6. Retail People Strategy: ‘Making the shopkeepers of today‘
Overall, there is a growing appreciation of colleagues at every level of organisations, being driven by the new wave of retailers who have a different outlook on how to manage their employees, to nurture loyalty and productivity. And from the evolution of many HR departments who are now introducing different cultures into the traditional retail sector.
Regarding shop personnel there is also a new awareness of the importance of human interactions with the customer. The outpouring of warmth towards ‘key workers’ and those essential to the fabric of society during the COVID crisis, has been echoed to various degrees by retail boards, and their reaction towards their own ‘key-workers.’ Those colleagues who kept shops open and stocked in the most difficult of circumstances, and those who kept the brand light shining, even in the most desperate of corporate environments.
For some retailers, the current bar for shop colleague management is set very low, the practices a product of years of personnel neglect and cost-cutting. This does mean, however, that significant gains can be made just from firstly re-establishing good levels of communication with teams and individuals. The setting up of feedback sessions, team building workshops and individual mentoring can go along way to achieving normal relations.
A good HR team, of which there are many, strives to know and understand their colleagues through personal interaction. It is the restrictions to their own resourcing and time availability, that usually limits the level of understanding and empathy.
In head office and in shops, career paths should be the result of consultation and not just internal hierarchies, retirements, and maternity leaves. Good people are adaptable and respond to new responsibilities. Good people bring ideas and enthusiasm to new positions of trust. But good people need to be discovered, through being asked about their ambitions, passions and innovative ideas for themselves and the business.
Beyond the role of HR , the balance and equality within the organisational structure are key to instilling a successful ‘people culture.’ It is important that every function and team, at every level, are valued as part of the wider corporate approach. What is believed and demonstrated at the top table, for better or worse, usually sets the standards further down the business. The board must be enlightened as to the importance of diversity within the employees of a business.
The improved engagement and mutual appreciation is of course a two-way process. But it is rarely the case that a genuine and considered investment in people is not returned with a positive impact on productivity and profit. It is rare for colleague focused initiatives, at individual and team levels, not to contribute to a happier working environment. This is always a good place to start for efficiency and productivity.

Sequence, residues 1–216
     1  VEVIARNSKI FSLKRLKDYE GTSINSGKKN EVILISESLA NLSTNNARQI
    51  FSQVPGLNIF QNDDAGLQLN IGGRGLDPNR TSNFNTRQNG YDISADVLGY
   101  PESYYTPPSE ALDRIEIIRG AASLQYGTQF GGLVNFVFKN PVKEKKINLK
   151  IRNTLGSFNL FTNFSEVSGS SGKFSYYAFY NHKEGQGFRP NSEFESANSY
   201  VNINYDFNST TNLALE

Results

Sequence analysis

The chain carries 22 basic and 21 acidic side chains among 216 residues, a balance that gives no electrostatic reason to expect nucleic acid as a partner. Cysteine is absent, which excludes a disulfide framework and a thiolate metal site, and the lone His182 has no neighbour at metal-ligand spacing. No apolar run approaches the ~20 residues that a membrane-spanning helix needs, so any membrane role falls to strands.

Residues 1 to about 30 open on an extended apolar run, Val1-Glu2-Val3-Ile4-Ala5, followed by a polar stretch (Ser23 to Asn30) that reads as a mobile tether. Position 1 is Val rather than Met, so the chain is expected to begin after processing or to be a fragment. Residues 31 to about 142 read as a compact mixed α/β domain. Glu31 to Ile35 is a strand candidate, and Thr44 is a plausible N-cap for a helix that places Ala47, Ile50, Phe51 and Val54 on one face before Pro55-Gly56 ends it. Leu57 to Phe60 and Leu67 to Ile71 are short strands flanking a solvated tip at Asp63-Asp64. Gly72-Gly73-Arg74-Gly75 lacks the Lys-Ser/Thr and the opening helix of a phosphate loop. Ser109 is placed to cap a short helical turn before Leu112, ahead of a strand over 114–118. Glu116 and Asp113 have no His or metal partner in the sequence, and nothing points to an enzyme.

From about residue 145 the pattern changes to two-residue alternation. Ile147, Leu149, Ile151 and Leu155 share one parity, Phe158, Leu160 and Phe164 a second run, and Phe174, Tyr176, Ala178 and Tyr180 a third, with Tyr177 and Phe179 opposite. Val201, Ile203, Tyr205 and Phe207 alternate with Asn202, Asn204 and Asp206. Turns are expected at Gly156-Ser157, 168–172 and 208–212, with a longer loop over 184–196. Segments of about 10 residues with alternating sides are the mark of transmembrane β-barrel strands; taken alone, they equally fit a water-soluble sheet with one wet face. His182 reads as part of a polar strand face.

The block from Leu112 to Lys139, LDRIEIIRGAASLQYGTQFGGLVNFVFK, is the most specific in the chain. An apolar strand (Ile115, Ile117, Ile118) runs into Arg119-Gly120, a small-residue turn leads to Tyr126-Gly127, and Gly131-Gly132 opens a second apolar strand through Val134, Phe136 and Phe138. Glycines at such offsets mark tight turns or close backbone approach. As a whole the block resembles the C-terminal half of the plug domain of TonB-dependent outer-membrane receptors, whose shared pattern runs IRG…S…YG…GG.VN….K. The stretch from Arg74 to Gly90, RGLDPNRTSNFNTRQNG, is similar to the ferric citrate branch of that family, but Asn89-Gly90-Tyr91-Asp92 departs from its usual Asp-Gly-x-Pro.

Technology is all pervasive
More than anything, I would also consider that the application of technology across every area and function should be a focus of your astute strategies. But don’t work with technology as a function. It is possibly the worst discipline to regard as a function and to isolate. But the fact is, it is so important, so pervasive to every element of retail, that it cannot always be considered just as a facilitator of other strategies. But it must always be viewed in the widest sphere of application, facilitating and bringing functions together, rather than looking at functional technological processes in isolation.
Improving your internal team
For all astute strategies, prioritise the likely benefit impact depending on your overall business strategy, and the current levels of practice and skills excellence within your business.
For a new businesses, particularly from non-retail origins, product propositions may be a big opportunity. Brands born on the crest of a wave of disruption, initially thrive through energy, and the novelty of innovation, but will quickly need to learn and incorporate some fundamentals of retail buying & selling. Conversely, the need to expand, to capitalise on new channels, collaborations and market disruptions, may well be the priority for established businesses.
Enrichment of current practices is an opportunity for all. It has the capacity to transform established processes, whilst adding commercial stability to disruptive ones. Enrichment has the potential to bring together the functional ‘nuts and bolts’ with emotional innovation and energy.
‘6 Astute Strategies for 2022′ is an extract from the book ‘Meaning in the Retail Madness: How to be an Essential Retailer.’ by Tim Radley.
If you would like to read more about the new ways that retailers are re-organising their structures, re-aligning their processes and empowering their workforces, then you can find all of this and more in ‘Meaning in the Retail Madness.’
Available worldwide across all amazon platforms and popular online booksellers from Waterstones, Blackwell’s & Foyles to Barnes & Noble and The Book Depository.